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Importance of Experimental Environmental Conditions in Estimating Risks and Associated Uncertainty of Transgenic Fish Prior to Entry into Nature
Fisheries & Oceans Canada, 4160 Marine Dr, W Vancouver, BC V7V 1N6, Canada;Miracle Springs Inc, 12443 Stave Lake Rd, Mission, BC V2V 0A6, Canada.
Fisheries & Oceans Canada, 4160 Marine Dr, W Vancouver, BC V7V 1N6, Canada.
Uppsala University, Disciplinary Domain of Science and Technology, Biology, Department of Ecology and Genetics, Animal ecology. Fisheries & Oceans Canada, 4160 Marine Dr, W Vancouver, BC V7V 1N6, Canada.ORCID iD: 0000-0002-3157-7289
Fisheries & Oceans Canada, 4160 Marine Dr, W Vancouver, BC V7V 1N6, Canada.
2019 (English)In: Scientific Reports, ISSN 2045-2322, E-ISSN 2045-2322, Vol. 9, article id 406Article in journal (Refereed) Published
Abstract [en]

Salmonids show a high degree of phenotypic plasticity that can differ among genotypes, and this variation is one of the major factors contributing to uncertainty in extrapolating laboratory-based risk assessment data to nature. Many studies have examined the relative growth and survival of transgenic and non-transgenic salmonids, and the results have been highly variable due to genotype x environment interactions. The relative survival of fast- and slow-growing strains can reverse depending on the environment, but it is not clear which specific environmental characteristics are driving these responses. To address this question, two experiments were designed where environmental conditions were varied to investigate the contribution of rearing density, food amount, food type, habitat complexity, and risk of predation on relative growth and survival of fast-growing transgenic and slow-growing wild-type coho salmon. The first experiment altered density (high vs. low) and food amount (high vs. low). Density impacted the relative growth of the genotypes, where transgenic fish grew more than non-transgenic fish in low density streams, regardless of food level. Density also affected survival, with high density causing increased mortality for both genotypes, but the mortality of transgenic relative to non-transgenic fish was lower within the high-density streams, regardless of food level. The second experiment altered habitat complexity (simple vs. complex), food type (artificial vs. natural), amount of food (normal vs. satiation), and risk of predation (present vs. absent). Results from this experiment showed that genotype affected growth and survival, but genotype effects were modulated by one or more environmental factors. The effect of genotype on survival was influenced by all examined environmental factors, such that no predictable trend in relative survival of transgenic versus non-transgenic fry emerged. This was primarily due to variations in survival of non-transgenic fish under different environmental conditions (non-transgenic fry had highest survival in hatchery conditions, and lowest survival in complex conditions with natural food fed at a normal level with or without predators). Transgenic fry survival was only significantly influenced by predator presence. The effects of genotype on mass and length were significantly modulated by food type only. Transgenic fry were able to gain a large size advantage over non-transgenic fish when fed artificial food under all habitat types. These experiments support the observations of dynamic responses in growth and survival depending on the environment, and demonstrate the challenge of applying laboratory-based experiments to risk assessment in nature.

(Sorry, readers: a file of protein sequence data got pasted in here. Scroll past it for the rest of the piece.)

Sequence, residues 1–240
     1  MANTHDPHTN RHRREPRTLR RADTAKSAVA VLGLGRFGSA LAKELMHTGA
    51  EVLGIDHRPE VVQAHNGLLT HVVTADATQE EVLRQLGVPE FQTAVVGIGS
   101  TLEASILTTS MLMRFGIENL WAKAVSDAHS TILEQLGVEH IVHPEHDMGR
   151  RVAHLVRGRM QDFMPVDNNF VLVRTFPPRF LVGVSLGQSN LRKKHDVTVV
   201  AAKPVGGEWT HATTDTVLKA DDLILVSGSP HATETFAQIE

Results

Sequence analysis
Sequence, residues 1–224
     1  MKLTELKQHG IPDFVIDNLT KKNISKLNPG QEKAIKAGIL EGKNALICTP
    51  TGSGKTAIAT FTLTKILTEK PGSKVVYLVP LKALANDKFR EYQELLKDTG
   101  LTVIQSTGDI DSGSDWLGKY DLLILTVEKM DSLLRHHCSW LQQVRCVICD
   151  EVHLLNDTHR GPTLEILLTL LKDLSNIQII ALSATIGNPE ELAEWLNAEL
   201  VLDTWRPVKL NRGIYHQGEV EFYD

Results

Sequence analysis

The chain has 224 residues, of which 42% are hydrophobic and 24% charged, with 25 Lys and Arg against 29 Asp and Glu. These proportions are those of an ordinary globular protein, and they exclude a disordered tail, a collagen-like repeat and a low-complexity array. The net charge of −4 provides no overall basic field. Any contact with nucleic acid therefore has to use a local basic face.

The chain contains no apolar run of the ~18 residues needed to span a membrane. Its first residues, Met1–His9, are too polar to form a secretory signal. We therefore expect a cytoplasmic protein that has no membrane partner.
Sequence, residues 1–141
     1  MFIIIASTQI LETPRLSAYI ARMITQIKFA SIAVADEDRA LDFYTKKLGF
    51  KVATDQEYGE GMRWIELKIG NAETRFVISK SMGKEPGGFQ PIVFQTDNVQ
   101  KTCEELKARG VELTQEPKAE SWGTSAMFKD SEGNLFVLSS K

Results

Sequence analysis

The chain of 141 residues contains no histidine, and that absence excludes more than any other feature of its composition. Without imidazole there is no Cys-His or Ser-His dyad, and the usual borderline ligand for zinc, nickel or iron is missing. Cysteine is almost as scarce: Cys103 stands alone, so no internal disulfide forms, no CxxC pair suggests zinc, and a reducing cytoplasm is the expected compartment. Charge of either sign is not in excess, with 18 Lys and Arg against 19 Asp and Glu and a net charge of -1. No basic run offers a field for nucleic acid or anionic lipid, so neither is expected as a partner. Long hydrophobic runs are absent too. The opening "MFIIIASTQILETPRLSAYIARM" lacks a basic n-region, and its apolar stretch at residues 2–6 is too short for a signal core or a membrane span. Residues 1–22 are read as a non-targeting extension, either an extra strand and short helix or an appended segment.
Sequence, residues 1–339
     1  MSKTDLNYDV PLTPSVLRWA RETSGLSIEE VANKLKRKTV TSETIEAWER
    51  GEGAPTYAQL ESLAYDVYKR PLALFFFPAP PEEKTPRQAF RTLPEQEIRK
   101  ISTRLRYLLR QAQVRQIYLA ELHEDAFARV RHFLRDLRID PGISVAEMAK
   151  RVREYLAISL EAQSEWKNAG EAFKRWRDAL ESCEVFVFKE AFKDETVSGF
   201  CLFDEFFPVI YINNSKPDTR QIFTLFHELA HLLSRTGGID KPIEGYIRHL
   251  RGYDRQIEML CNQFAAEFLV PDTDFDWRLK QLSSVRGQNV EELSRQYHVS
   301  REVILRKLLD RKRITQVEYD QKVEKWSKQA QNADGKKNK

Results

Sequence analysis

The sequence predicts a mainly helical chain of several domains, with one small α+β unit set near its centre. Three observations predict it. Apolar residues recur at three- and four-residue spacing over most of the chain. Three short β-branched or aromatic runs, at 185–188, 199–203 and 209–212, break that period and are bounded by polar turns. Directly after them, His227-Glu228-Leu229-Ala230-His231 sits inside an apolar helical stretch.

Place, publisher, year, edition, pages
NATURE PUBLISHING GROUP , 2019. Vol. 9, article id 406
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Ecology
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URN: urn:nbn:se:uu:diva-376824DOI: 10.1038/s41598-018-35826-1ISI: 000456392400087PubMedID: 30674960OAI: oai:DiVA.org:uu-376824DiVA, id: diva2:1288878
Available from: 2019-02-14 Created: 2019-02-14 Last updated: 2019-02-14Bibliographically approved

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